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  Dawn O'Hara Edna Ferber

Kaffee And Kaffeekuchen

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I have visited Baumbach's. I have heard Milwaukee drinking its afternoon Kaffee.

O Baumbach's, with your deliciously crumbling butter cookies and your kaffee kuchen, and your thick cream, and your thicker waitresses and your cockroaches, and your dinginess and your dowdy German ladies and your black, black Kaffee,where in this country is there another like you!

Blackie, true to his promise, had hailed me from the doorway on the afternoon of the following day. In the rush of the day's work I had quite forgotten about Blackie and Baumbach's.

"Come, Kindchen!" he called. "Get your bonnet on. We will by Baumbach's go, no?"

Ruefully I gazed at the grimy cuffs of my blouse, and felt of my dishevelled hair. "Oh, I'm afraid I can't go. I look so mussy. Haven't had time to brush up."

"Brush up!" scoffed Blackie, "the only thing about you that will need brushin' up is your German. I was goin' t' warn you to rumple up your hair a little so you wouldn't feel overdressed w'en you got there. Come on, girl."

And so I came. And oh, I'm so glad I came!

I must have passed it a dozen times without once noticing it--just a dingy little black shop nestling between two taller buildings, almost within the shadow of the city hall. Over the sidewalk swung a shabby black sign with gilt letters that spelled, "Franz Baumbach."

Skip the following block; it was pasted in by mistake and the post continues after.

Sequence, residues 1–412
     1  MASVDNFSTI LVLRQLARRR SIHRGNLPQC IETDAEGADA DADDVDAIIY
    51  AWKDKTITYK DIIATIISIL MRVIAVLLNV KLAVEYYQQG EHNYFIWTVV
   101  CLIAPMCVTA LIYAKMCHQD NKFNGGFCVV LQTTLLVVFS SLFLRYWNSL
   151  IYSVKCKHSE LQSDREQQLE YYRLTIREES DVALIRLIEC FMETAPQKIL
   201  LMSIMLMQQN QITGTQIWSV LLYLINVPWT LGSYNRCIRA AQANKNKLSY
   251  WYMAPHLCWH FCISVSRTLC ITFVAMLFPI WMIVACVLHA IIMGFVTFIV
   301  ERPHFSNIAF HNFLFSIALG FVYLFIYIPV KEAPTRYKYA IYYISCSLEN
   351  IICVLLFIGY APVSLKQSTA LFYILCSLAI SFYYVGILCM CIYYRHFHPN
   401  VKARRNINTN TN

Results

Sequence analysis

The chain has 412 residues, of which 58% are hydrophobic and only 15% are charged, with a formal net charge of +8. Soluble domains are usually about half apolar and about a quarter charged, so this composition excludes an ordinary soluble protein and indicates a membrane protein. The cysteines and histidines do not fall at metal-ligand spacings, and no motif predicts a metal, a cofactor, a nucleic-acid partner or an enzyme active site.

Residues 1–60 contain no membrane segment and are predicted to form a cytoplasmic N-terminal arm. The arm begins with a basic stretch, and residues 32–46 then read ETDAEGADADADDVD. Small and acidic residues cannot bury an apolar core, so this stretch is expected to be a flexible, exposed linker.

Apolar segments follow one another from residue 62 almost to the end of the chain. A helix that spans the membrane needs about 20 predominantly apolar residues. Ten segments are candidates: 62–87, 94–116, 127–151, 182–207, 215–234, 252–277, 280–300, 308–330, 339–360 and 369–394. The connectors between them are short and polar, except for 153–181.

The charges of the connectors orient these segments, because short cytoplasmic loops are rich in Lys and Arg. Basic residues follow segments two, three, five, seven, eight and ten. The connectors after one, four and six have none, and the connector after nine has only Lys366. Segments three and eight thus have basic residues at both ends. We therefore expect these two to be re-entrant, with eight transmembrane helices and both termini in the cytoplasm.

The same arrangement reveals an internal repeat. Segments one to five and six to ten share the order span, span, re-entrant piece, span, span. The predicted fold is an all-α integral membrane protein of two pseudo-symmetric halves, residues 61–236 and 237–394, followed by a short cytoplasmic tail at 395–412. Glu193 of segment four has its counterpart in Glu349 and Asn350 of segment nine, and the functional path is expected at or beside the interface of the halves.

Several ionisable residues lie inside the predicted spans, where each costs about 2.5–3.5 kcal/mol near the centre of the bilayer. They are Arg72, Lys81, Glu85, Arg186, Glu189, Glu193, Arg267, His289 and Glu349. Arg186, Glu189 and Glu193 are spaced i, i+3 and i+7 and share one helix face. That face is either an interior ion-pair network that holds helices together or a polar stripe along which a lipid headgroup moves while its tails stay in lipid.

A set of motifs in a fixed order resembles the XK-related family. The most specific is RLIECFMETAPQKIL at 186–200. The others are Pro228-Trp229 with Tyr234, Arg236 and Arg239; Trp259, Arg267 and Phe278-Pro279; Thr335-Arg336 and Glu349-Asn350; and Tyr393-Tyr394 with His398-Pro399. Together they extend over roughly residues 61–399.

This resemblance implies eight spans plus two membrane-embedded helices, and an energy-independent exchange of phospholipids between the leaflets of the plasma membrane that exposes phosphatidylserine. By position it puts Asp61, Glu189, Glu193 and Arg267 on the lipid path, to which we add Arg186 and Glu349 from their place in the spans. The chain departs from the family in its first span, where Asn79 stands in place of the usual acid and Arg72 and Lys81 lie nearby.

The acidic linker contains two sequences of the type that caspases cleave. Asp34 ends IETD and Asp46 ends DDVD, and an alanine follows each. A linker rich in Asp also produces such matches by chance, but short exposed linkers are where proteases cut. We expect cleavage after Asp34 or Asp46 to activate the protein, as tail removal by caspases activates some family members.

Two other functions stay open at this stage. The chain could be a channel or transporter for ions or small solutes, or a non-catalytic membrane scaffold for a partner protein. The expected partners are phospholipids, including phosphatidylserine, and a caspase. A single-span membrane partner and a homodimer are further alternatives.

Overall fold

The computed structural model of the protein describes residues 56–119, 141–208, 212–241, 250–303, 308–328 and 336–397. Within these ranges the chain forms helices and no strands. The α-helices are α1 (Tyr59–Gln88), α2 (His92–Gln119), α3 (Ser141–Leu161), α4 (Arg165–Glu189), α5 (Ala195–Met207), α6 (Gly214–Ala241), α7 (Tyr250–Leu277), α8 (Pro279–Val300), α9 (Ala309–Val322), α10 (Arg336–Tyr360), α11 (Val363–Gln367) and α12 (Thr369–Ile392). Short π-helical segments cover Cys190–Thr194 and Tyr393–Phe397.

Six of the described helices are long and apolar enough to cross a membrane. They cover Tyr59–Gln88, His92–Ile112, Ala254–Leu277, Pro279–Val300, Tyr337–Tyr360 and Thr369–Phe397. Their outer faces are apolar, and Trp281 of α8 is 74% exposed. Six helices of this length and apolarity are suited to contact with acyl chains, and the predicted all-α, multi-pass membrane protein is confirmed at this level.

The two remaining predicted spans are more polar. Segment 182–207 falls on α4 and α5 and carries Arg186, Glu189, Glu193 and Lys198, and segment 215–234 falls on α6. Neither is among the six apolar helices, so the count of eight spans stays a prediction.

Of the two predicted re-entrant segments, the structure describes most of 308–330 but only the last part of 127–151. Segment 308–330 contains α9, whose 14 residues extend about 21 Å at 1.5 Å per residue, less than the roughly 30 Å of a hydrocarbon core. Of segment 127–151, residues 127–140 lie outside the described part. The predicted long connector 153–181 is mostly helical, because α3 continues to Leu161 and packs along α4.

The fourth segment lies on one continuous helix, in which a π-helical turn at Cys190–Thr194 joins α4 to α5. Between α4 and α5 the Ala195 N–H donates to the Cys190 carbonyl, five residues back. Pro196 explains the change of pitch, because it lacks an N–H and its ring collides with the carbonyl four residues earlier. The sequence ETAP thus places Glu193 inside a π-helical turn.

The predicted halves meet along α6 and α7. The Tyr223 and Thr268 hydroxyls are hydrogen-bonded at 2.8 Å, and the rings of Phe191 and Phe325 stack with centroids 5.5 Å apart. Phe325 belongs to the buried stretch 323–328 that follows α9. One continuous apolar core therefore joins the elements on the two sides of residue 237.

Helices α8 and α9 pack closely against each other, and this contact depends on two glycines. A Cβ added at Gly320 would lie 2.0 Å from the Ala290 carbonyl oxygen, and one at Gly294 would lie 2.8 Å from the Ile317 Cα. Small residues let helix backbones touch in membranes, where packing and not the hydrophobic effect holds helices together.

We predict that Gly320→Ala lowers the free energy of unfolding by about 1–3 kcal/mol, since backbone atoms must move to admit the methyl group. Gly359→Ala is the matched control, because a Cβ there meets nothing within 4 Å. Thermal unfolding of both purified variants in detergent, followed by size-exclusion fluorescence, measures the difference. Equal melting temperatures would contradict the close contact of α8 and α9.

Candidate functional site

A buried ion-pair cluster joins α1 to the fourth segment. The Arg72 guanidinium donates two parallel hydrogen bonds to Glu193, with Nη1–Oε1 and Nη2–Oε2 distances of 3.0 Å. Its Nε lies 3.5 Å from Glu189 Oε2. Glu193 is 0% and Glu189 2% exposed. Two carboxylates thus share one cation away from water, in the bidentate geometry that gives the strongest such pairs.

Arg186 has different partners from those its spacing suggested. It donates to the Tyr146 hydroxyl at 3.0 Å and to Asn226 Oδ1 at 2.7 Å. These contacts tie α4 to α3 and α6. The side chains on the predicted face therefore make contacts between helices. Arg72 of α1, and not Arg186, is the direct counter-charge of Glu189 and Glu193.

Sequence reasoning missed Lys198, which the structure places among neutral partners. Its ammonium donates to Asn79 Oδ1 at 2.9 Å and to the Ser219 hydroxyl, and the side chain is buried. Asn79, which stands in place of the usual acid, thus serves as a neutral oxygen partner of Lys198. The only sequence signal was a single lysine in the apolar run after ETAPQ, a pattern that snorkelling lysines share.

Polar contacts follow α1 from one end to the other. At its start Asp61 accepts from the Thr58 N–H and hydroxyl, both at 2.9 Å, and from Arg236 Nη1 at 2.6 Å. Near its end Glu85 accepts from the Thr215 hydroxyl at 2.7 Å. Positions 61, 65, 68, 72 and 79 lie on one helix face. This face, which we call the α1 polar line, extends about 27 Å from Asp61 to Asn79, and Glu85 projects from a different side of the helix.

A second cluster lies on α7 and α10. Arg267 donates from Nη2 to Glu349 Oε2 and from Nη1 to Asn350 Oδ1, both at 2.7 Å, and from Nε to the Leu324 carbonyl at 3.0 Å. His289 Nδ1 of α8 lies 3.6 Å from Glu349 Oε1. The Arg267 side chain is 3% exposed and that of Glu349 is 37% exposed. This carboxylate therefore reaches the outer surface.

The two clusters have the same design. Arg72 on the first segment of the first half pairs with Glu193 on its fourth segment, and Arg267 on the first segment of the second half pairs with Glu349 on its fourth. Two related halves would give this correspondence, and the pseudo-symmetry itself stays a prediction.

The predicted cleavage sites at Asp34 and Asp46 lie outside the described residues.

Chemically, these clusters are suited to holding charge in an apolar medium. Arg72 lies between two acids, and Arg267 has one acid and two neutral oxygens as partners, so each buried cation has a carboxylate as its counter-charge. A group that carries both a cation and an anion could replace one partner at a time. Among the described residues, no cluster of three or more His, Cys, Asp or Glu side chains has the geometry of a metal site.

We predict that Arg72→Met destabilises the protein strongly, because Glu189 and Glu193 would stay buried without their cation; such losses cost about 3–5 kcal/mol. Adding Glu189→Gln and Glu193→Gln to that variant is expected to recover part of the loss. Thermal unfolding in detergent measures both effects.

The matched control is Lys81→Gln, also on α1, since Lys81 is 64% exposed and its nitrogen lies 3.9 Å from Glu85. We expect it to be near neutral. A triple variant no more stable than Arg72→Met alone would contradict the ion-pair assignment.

Blackie waved an introductory hand in the direction of the sign. "There he is. That's all you'll ever see of him."

"Dead? " asked I, regretfully, as we entered the narrow doorway.

"No; down in the basement baking Kaffeekuchen."

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Two tiny show-windows faced the street--such queer, old-fashioned windows in these days of plate glass. At the back they were quite open to the shop, and in one of them reposed a huge, white, immovable structure--a majestic, heavy, nutty, surely indigestible birthday cake. Around its edge were flutings and scrolls of white icing, and on its broad breast reposed cherries, and stout butterflies of jelly, and cunning traceries of colored sugar. It was quite the dressiest cake I had ever beheld. Surely no human hand could be wanton enough to guide a knife through all that magnificence. But in the center of all this splendor was an inscription in heavy white letters of icing: "Charlottens Geburtstag."

Reluctantly I tore my gaze from this imposing example of the German confectioner's art, for Blackie was tugging impatiently at my sleeve.

"But Blackie," I marveled, "do you honestly suppose that that structure is intended for some Charlotte's birthday?"

"In Milwaukee," explained Blackie, "w'en you got a birthday you got t' have a geburtstag cake, with your name on it, and all the cousins and aunts and members of the North Side Frauen Turner Verein Gesellchaft, in for the day. It ain't considered decent if you don't. Are you ready to fight your way into the main tent?"

It was holiday time, and the single narrow aisle of the front shop was crowded. It was not easy to elbow one's way through the packed little space. Men and women were ordering recklessly of the cakes of every description that were heaped in cases and on shelves.

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Dawn O'Hara
Edna Ferber

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